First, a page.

“No one can be exonerated,” Turner explained. “Mr. Mueller, you can’t be exonerated. In fact, in our criminal-justice system, there is no power or authority to exonerate. . . . There is no Office of Exoneration.” Turner added: “The [Mueller Report’s] statement about exoneration is misleading, and it’s meaningless.”

• Representative Steve Chabot (R., Ohio) asked Mueller about Fusion GPS, the Hillary Clinton–funded opposition-research group that hired former British spy Christopher Steele. His lurid brief brims with Kremlin-tied, anti-Trump disinformation. Democrats used this phantasmagoria to launch the Russia hoax. Astonishingly, Mueller admitted, “I’m not familiar with that.”

• Mueller also confessed that he attended “very few” of the 500 or so interviews with witnesses.

Mueller evidently was a SCINO: Special Counsel in Name Only. This escapade’s real ringleader seems to have been Andrew Weissmann (who  was a guest at Hillary’s Election Night cry-in) or one of the 13 other partisan Democrats on Mueller’s 19-member prosecutorial staff. Mueller’s 74 percent Democratic inner circle included twelve Democratic donors, two of whom maxed out to Hillary . Prosecutor Jeannie Rhee once lawyered for the Clinton Foundation!

Mueller was something between oblivious and ho-hum about these details. He said about Weissmann’s presence at Hillary’s weepfest, “I don’t know when I found that out.” As for Rhee representing the Clinton’s slush fund, “No,” he did not know about this before she joined his squad.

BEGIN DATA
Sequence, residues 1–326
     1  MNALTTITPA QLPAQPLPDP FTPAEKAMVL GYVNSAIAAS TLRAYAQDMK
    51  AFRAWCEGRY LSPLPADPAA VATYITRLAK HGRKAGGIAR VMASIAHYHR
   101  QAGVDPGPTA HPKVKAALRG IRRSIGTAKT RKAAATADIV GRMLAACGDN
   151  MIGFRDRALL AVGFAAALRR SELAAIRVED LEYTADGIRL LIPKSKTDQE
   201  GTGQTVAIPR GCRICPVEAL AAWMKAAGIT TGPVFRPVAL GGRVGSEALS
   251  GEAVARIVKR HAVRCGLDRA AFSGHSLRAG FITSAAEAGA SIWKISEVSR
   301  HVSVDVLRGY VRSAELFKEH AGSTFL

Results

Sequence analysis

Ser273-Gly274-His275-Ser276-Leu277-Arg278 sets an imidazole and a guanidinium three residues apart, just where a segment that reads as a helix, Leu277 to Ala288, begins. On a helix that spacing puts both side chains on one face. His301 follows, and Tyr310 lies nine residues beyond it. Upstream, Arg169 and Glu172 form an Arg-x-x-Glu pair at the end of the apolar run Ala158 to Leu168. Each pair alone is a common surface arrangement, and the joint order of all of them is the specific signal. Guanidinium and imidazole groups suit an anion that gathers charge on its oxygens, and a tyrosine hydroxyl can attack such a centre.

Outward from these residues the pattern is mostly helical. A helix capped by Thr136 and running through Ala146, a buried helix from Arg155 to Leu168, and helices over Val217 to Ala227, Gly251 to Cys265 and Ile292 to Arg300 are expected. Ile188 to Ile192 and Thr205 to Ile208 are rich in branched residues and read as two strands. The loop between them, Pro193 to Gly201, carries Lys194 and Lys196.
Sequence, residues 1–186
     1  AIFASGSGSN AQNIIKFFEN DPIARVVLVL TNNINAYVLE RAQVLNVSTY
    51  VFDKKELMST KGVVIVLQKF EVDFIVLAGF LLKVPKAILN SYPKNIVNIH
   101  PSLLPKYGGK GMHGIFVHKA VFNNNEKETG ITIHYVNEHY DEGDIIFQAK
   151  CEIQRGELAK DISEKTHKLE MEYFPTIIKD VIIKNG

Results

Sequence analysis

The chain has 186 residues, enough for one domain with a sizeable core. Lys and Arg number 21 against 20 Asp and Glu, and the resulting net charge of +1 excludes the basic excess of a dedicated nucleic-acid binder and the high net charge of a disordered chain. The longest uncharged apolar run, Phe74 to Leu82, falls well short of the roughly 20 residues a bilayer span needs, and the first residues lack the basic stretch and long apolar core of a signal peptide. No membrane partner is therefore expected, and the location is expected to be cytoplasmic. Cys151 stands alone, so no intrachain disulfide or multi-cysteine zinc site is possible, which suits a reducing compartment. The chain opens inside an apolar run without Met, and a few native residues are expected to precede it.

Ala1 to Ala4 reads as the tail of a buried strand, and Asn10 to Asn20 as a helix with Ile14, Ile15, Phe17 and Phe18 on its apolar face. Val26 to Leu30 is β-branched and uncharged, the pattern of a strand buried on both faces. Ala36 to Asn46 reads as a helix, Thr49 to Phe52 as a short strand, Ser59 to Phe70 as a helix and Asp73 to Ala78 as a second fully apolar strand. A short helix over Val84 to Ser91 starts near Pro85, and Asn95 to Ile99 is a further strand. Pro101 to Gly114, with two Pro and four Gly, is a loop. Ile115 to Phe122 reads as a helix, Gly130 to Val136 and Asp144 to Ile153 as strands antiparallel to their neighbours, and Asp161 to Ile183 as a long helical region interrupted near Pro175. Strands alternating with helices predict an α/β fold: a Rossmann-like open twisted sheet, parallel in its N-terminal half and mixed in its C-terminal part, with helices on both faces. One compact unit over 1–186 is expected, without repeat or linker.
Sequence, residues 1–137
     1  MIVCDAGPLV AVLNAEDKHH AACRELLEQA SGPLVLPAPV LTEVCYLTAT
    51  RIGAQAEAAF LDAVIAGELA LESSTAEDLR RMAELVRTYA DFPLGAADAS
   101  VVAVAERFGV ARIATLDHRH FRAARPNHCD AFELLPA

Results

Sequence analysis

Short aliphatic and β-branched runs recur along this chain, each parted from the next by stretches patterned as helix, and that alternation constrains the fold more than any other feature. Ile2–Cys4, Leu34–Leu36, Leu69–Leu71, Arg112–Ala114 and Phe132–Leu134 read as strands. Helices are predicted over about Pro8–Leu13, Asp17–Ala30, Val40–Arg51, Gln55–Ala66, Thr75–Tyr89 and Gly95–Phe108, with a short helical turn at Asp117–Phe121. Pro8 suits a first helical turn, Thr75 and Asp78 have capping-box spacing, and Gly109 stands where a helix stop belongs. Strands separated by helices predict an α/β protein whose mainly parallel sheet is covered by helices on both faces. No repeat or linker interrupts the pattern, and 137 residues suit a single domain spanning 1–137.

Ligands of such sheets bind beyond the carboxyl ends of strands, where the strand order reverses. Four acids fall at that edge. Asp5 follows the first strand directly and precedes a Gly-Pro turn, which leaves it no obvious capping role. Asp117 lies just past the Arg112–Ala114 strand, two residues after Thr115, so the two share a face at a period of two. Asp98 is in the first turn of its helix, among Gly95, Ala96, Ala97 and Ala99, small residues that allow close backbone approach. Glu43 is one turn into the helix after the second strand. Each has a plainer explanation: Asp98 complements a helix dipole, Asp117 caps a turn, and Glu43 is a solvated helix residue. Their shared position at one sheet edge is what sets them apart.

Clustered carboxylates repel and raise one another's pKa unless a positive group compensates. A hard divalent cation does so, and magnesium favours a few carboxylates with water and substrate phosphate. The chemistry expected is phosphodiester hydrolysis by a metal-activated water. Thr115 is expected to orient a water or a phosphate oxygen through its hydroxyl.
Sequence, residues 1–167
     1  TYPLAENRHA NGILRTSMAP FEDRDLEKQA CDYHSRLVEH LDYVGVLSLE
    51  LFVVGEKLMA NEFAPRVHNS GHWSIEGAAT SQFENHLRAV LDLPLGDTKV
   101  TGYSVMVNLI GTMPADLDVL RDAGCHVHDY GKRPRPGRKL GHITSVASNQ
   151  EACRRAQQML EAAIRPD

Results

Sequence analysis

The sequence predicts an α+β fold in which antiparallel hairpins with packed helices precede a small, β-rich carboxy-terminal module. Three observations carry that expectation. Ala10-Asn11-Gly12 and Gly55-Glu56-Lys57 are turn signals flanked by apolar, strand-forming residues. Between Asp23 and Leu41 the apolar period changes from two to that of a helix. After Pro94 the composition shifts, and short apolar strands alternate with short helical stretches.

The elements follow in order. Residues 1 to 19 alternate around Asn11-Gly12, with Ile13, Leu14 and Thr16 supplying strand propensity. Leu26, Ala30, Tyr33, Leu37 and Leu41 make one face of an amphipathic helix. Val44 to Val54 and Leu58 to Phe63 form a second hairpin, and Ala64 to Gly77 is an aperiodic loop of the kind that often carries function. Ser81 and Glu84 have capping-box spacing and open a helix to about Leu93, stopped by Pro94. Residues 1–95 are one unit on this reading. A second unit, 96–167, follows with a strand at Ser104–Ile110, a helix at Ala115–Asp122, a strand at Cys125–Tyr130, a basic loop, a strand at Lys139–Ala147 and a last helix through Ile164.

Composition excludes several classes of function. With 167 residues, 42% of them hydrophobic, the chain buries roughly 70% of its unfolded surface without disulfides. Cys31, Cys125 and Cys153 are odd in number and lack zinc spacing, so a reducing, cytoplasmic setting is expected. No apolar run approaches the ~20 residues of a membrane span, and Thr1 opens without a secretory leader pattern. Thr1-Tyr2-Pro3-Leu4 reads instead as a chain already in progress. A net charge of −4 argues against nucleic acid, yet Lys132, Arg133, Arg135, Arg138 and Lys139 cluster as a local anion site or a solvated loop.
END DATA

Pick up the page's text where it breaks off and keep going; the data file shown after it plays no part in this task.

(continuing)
Mueller said that during his 25 years “in this business” (although he joined the Justice Department in 1976 — 43 years ago), “I have not had occasion once to ask somebody about their political affiliation. It is not done.” Fine. But did Mueller not read his prosecutors’ résumés? Was he totally ignorant of news reports about their staunchly pro-Democrat and pro-Clinton activities? And if Mueller simply aimed “to hire those individuals that could do that job,” as he testified,  could he not find even one qualified Republican attorney — at least to give his team a pastie of bipartisanship?

This probe’s rampant political bias was underscored vividly by Aaron Zebley, the lawyer who spoon-fed Mueller relevant passages of the report that bears his name. Zebley previously represented Justin Cooper, the computer whiz who installed the notorious, illegal server in Hillary’s mansion in Chappaqua, N.Y. Cooper also obliterated her mobile devices with a hammer. Zebley assisted Mueller’s inquisition of the man who defeated Hillary. If this is not a naked, screaming conflict of interest, then I am a former First Lady of the United States.

Still, according to this fervent band of pro-Hillary brothers and sisters, “the Special Counsel confirmed that the Russian government sponsored efforts to illegally interfere with the 2016 presidential election but did not find that the Trump campaign or other Americans colluded in those schemes.”